Cold Cabbage Compress

Applying a cold cabbage compress after every feed can soothe pain and discomfort – be sure to cut a hole for the nipple as the taste of the cabbage on your nipple could hinder baby’s latching and feeding.

Wear Supportive Underwear

Wear supportive underwear, even when sleeping. But make sure it’s not too tight. Avoid wearing an underwire bra to decrease pressure on the soft breast tissue.

Mastitis

Mastitis is the inflammation of breast tissue that often involves an infection. The inflammation can result in pain, tenderness, warmth, redness and swelling of the breast. It usually features one or two red streaks extending from the breast to the areola and swollen lymph nodes in the neck or armpits. It may also include flu-like symptoms such as fever, fatigue and chills.

Ultrasound treatment has shown to be an effective form of treatment of Mastitis. This can be carried out by either your GP or a physiotherapist. Milk from a breast with mastitis is not infected and is completely safe for your baby to ingest. At home management includes cold cabbage compress, and warm shower massages.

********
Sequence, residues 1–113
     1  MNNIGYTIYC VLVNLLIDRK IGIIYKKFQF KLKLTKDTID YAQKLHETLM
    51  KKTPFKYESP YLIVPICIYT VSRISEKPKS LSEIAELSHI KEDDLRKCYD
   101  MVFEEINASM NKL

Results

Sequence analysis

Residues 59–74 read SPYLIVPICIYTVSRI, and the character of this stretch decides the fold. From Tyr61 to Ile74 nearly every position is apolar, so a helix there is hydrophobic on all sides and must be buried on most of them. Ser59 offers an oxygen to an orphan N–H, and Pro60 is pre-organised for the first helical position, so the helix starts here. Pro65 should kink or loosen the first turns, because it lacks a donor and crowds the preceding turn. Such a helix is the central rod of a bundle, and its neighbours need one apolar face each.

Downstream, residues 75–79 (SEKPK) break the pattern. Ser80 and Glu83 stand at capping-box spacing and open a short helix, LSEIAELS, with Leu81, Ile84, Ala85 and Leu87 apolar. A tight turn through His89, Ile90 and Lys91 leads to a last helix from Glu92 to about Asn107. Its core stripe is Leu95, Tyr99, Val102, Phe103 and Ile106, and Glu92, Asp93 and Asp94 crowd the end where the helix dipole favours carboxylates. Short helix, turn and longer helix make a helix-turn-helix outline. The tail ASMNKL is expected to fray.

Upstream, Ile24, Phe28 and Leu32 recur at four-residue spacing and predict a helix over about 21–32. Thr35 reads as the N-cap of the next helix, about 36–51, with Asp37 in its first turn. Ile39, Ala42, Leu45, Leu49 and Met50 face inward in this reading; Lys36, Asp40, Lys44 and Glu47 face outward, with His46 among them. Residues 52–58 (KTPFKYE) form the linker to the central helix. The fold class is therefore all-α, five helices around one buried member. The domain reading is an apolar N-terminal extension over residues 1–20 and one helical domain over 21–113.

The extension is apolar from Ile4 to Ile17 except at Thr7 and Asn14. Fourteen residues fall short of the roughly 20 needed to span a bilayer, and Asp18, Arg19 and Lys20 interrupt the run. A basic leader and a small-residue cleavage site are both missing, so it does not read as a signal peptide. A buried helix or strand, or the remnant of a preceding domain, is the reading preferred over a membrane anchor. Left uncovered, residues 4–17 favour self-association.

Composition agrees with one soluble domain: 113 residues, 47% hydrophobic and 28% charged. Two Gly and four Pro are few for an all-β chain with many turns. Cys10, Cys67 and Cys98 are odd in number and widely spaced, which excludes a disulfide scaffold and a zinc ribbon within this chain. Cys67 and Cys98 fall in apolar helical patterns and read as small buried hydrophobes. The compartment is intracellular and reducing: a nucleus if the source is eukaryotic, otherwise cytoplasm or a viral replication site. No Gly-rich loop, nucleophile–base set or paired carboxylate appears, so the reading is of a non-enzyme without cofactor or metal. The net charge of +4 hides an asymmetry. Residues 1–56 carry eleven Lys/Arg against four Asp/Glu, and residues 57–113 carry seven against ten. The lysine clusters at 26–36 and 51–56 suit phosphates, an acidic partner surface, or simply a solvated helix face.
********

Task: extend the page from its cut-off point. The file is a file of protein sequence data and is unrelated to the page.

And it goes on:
Back and Neck Pain

Women often experience increased back and neck discomfort during and after pregnancy. This is due to of weakened and stretched abdominal muscles, uncomfortable feeding positions, long periods of looking down at your baby while feeding, picking up and carrying around your growing baby and natural body changes. Completing the following everyday activities with correct posture and positioning can help prevent chronic back and neck pain as your body adjust to its new role.

Feeding Positions

The feeding position, whether bottle- or breastfeeding, should be comfortable. Ensure good back support, with both your arms and feet supported – consider using of a footstool. Elevate your baby to the breast or bottle level with pillows and cushions rather than holding them in the air with your arms, and try to keep your shoulders relaxed. Frequently change the positioning your neck when looking down at your baby. You can also try a less strenuous position such as lying down with good pillow support under your back, neck, shoulders and arms.